One of the biggest challenges we face is raising awareness of the importance of screening among those people most at risk of the condition we are testing for.
The NHS Sickle Cell and Thalassaemia (SCT) Screening Programme has risen to this challenge over the past decade. It has put together a good practice guide for all those who commission, fund, deliver and evaluate health outreach programmes. The SCT programme based the resource on eight years’ experience of developing such programmes to engage with black and minority ethnic (BME) communities.
The resource, which can now be found on GOV.UK, includes:
- a step-by-step guide and toolkit
- video interviews with people who have sickle cell disease and thalassaemia
- comments from SCT screening staff, other health professionals and the public
Targeting those most at risk and keeping it local
Although sickle cell disease and thalassaemia can affect all populations, people from BME communities have a much higher risk. However, the SCT programme’s initial research showed that awareness of the conditions was quite low in BME communities, often due to cultural and language barriers.
The team therefore worked with the Sickle Cell and UK Thalassaemia Societies to plan the best ways to reach communities. They aimed to reach people who had little or no knowledge of the two conditions and no regular contact with health services.
The team gave talks and held question and answer sessions at venues including schools, colleges, local events and festivals, restaurants, cafes and barber shops.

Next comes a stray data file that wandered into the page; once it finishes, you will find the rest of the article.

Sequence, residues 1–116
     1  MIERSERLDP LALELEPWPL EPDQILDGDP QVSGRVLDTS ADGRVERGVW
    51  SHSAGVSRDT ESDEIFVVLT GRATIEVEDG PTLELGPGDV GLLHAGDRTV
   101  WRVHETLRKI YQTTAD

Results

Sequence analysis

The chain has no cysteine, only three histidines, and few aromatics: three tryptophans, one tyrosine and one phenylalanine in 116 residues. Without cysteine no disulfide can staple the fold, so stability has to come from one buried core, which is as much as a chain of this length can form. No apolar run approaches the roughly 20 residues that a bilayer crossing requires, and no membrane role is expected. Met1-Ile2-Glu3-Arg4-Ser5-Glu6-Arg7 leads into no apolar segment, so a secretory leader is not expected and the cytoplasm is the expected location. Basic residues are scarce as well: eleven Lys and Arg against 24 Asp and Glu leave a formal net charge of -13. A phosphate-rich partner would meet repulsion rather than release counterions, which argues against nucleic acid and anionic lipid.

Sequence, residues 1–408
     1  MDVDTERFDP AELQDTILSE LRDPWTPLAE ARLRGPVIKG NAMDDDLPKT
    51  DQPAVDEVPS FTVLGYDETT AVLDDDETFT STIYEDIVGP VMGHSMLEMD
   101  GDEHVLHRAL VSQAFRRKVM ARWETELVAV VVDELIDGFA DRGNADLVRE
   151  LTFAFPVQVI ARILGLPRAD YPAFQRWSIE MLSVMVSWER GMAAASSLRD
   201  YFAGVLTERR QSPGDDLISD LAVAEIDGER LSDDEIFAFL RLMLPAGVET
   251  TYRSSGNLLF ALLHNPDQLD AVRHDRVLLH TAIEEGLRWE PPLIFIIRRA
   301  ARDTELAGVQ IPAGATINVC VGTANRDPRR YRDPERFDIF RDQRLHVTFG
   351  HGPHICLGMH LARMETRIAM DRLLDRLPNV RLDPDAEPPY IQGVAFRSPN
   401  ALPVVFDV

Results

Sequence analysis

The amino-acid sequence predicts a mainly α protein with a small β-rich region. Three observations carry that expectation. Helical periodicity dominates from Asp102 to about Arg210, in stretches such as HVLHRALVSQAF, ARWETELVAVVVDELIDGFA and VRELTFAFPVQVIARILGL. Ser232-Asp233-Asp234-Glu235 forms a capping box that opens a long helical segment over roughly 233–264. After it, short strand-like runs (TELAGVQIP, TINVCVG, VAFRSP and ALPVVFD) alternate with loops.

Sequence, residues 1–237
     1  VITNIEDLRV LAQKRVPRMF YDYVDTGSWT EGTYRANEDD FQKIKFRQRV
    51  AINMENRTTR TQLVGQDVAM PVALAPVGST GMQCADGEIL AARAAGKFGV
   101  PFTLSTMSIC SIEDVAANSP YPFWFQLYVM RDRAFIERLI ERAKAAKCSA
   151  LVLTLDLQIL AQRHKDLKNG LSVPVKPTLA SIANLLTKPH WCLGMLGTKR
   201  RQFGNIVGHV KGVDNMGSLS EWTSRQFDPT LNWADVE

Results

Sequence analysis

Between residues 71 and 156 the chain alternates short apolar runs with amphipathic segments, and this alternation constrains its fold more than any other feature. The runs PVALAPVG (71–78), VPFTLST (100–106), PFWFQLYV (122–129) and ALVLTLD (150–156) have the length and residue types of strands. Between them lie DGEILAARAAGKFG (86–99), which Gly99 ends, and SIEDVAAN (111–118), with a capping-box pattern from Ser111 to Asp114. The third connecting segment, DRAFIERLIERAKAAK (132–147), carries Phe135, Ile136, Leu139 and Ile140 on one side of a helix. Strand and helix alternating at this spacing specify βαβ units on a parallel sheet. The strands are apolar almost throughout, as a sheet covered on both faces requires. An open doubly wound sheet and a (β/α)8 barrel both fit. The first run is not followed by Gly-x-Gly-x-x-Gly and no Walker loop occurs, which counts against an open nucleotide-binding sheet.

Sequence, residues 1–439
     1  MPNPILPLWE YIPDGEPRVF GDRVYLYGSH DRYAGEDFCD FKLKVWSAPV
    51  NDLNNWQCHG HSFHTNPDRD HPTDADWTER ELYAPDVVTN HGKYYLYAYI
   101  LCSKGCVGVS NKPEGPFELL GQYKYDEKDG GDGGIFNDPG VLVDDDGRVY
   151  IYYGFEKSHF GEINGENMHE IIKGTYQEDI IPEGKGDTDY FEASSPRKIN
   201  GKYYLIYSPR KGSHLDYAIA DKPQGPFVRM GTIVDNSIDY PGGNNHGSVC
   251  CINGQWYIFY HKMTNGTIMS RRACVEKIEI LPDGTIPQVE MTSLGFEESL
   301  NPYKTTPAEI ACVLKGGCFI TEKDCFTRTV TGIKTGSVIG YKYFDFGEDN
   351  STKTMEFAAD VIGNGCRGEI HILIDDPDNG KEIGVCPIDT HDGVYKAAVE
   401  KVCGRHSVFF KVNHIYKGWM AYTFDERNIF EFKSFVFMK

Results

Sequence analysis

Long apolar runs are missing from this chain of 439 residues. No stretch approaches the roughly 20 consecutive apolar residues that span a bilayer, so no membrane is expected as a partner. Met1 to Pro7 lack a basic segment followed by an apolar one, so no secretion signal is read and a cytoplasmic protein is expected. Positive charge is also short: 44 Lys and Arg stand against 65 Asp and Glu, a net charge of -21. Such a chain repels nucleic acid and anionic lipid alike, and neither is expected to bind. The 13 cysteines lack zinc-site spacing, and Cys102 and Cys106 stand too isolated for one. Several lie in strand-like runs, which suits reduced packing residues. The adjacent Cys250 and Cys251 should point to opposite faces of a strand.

The programme also commissioned The Family Legacy, a video drama exploring the reactions and implications across several generations when a family learns a child has sickle cell disease. The Family Legacy was also made available as a home video.
Iyamide Thomas, of the Sickle Cell Society, praised the SCT programme’s outreach work for taking health promotion “to places where that kind of thing hadn’t been done before”.
The guide and toolkit emphasise the importance of working with local community leaders, religious leaders, opinion formers and patient champions.
Communications consultant Liz Aram says that working with local champions who could speak from personal experience was “the single most important factor for success” and an important way “to reach out to as many people as possible”.
Sharing best practice
The resource includes advice on choosing and working with partner organisations, working with the media to get your messages across, evaluating your project and making good use of the feedback.
Dr Anne Mackie, UK National Screening Committee director of programmes, said: “This resource provides an excellent framework for planning outreach projects to influence more people through public-facing health programmes. It is an excellent addition to our education resources and gives our screening teams the opportunity to share knowledge, learning and good practice with colleagues in the wider health sector.”
As one young student with thalassaemia comments in a video interview: “Outreach has the potential to change someone’s life.”